When it comes to boat repairs, I am not a very lucky man. My previous two boats have dumped “black water” into the bilge requiring significant repairs and Kinship seems to have been in on the deal and did not want to be left out.
During the survey we tested the holding tank and we did not see any leaks, but we did note the signs of issues and we investigated a replacement tank and planned to replace the tank over the summer. The boat gods had other ideas.
On the delivery trip we noticed some nasty smells coming from the bilge. At the time we had 6 people on board and a fully functional head was on the essential list. We could not establish where the leak was coming from or when it leaked. We pumped out at every opportunity on the trip. Before we got back to Lake Ontario, I placed an order with Ontario Plastics for a tank designed by Mark Tilley, owner of Saving Grace, Saga 43 #40. Mark’s design adds volume by fitting better to the space and adding a slump. The old tank was about 13-14 US Gal, far from the 20 US Gal often quoted, the new one is 16.9 US Gal (63.9l). The slump also improves the emptying of the tank so that very little is left in the tank following a pumpout. The tank was delivered to Kingston a week or so after we arrived at the end of the delivery.
Replacing the tank was a big job and as we had to stay in a hotel rather than on the boat it would likely have been cheaper to have the work done by Zahniser’s before we left on the delivery. That said, I think it is important to fully understand the systems on our boat, I just wish it did not always have to start with this system.
Having carefully empted and rinsed the tank, we removed it and quickly found the source of the leak. Much of the bottom of the tank was corroded and in parts holed. There were a number of pinholes that must have been plugged with sludge when we tested the tank, only to leak when the boat was moving.
Aluminium is not really a sensible material for tanks, least of all holding tanks. I imagine I will be changing the rest of the tanks over time.
We started work on replacing the old hoses and the head so we would have “clean” start. We used the old hoses to pull the new ones into place. In a natural progression, I removed the hose from the macerator pump only to find a broken bolt on the pump head. The executive decision was taken to replace the pump and keep the old one as a spare. Running the hoses was a three person job, the hoses for the head and pumpout run under the head moulding and required pushing, pulling and wiggling in the middle to get them into place.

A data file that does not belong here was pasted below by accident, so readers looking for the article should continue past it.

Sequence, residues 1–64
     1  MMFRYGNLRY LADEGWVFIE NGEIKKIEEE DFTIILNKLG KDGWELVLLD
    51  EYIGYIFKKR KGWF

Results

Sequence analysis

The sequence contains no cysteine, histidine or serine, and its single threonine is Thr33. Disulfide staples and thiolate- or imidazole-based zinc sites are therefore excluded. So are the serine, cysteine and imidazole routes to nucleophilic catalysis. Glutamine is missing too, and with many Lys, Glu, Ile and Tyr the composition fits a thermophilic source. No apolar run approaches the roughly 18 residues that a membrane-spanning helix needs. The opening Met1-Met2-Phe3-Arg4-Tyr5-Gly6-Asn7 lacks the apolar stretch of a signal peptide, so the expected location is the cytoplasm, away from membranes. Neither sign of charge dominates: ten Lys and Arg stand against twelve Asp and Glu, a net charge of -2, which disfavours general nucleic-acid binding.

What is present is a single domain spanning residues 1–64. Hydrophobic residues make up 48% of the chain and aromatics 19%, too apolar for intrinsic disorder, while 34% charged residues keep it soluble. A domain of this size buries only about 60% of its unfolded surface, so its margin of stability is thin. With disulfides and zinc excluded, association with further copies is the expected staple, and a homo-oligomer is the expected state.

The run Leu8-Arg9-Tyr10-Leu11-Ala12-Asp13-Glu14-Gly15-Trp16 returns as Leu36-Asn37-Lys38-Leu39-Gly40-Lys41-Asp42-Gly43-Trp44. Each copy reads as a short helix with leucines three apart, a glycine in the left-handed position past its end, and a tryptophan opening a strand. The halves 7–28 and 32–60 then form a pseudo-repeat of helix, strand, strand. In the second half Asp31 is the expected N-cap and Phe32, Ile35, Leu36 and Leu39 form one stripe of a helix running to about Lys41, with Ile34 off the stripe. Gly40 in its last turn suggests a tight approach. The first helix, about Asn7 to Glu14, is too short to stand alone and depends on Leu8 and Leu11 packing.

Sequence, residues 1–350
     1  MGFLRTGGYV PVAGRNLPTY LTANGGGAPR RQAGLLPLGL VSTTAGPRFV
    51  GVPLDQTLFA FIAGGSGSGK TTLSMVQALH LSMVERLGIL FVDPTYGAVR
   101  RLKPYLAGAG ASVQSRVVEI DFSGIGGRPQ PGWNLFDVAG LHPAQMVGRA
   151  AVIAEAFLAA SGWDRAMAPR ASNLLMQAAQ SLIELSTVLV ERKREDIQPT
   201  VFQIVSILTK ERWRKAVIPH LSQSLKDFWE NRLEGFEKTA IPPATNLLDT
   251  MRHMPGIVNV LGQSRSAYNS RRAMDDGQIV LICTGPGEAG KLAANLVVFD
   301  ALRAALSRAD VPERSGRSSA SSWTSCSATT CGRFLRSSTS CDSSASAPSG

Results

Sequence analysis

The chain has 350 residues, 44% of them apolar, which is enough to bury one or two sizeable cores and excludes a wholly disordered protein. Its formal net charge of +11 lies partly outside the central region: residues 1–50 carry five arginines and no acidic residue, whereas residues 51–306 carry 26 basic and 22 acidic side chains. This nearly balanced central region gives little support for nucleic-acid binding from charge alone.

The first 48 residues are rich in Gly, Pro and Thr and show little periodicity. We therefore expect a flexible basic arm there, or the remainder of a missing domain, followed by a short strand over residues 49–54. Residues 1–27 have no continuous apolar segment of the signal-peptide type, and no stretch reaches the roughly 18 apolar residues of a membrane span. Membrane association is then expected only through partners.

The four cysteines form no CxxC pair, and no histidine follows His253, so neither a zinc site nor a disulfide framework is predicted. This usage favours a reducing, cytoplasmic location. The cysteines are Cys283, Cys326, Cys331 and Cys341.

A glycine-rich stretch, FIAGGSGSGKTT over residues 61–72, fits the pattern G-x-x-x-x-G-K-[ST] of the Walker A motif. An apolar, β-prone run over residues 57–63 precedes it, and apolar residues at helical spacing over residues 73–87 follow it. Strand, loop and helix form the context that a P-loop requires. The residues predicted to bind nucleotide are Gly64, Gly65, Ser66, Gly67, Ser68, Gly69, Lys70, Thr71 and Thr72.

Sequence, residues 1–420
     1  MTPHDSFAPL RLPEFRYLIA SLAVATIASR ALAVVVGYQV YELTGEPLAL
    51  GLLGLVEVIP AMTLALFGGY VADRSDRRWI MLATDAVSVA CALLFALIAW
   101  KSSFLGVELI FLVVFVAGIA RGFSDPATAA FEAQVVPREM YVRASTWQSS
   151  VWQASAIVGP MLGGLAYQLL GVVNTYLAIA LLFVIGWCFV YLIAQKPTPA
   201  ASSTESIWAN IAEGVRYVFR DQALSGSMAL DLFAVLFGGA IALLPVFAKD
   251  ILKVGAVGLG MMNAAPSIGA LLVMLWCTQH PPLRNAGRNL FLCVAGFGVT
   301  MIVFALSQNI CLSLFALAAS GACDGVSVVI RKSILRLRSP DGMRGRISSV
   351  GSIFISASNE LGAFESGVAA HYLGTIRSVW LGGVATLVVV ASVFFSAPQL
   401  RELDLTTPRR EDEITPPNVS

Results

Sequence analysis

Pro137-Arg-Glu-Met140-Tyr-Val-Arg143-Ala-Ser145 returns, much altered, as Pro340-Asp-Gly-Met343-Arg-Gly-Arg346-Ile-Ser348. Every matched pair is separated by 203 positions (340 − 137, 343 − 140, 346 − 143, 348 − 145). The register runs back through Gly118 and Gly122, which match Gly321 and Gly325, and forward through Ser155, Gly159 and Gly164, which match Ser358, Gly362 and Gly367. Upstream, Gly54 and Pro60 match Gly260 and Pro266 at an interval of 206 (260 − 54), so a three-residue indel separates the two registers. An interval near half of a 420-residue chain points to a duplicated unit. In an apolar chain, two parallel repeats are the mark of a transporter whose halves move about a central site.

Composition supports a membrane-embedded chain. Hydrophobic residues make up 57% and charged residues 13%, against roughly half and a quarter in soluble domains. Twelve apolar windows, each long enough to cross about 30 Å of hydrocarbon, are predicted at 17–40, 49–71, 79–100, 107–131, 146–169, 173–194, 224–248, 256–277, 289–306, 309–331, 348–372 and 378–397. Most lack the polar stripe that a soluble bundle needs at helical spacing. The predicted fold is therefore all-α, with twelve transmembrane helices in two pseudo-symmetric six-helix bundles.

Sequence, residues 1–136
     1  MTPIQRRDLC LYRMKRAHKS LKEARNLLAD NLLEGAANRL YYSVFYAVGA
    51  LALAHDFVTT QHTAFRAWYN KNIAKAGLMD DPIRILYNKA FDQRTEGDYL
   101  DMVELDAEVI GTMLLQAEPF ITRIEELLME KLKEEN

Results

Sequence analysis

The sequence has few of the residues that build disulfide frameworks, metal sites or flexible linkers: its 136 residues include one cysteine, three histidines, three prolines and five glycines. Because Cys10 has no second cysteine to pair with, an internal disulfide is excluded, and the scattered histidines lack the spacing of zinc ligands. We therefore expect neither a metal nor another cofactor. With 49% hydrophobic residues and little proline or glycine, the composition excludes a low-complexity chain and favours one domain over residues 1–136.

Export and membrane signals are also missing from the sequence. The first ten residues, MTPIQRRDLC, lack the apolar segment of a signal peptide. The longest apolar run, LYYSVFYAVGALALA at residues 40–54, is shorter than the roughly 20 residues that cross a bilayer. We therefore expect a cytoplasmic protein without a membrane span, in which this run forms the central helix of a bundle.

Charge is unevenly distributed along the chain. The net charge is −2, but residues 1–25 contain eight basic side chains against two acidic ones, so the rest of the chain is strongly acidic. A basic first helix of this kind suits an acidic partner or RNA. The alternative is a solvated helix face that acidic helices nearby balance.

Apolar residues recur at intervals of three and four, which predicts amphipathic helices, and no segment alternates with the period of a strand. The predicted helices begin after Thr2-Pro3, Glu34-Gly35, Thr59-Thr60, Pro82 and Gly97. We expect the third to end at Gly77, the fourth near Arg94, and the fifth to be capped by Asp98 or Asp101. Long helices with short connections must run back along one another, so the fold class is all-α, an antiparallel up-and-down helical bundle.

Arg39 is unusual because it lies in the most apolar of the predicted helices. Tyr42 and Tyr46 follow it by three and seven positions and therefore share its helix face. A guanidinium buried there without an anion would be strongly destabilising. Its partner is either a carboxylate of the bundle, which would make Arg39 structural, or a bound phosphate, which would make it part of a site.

The new tank went in easily with the thwarts removed. At this stage I worked out the hold down and the runs for the hoses. Once I have this organised I started the assembly process with the tank gauge.
Connecting the hoses was a question of lots of lube and careful use of the heat gun.
Getting the hose onto the deck fitting for the pumpout was a royal pain, I later discovered that there are angled deck fittings that would have reduced the “S” curve.
I reused the hold down from the old tank by removing a spacer below it. The new tank is held in place by the brackets for the thwarts and the hold down. The tank is slightly compressed by the hold down and is very solidly in place. The tank is quite easy to get out to access the aft keel bolts. The tank has the option of a second vent line, which I plan to add over the winter.
I replaced the foam seals in the floor while we had so much of it accessible. The tank monitor panel is located in the head and easily checked sitting on the head.
I am really happy with the end results. The tank monitor really helps reduce the stresses of cruising in no-discharge areas. I am now on the lookout for a good solution to monitor our three water tanks.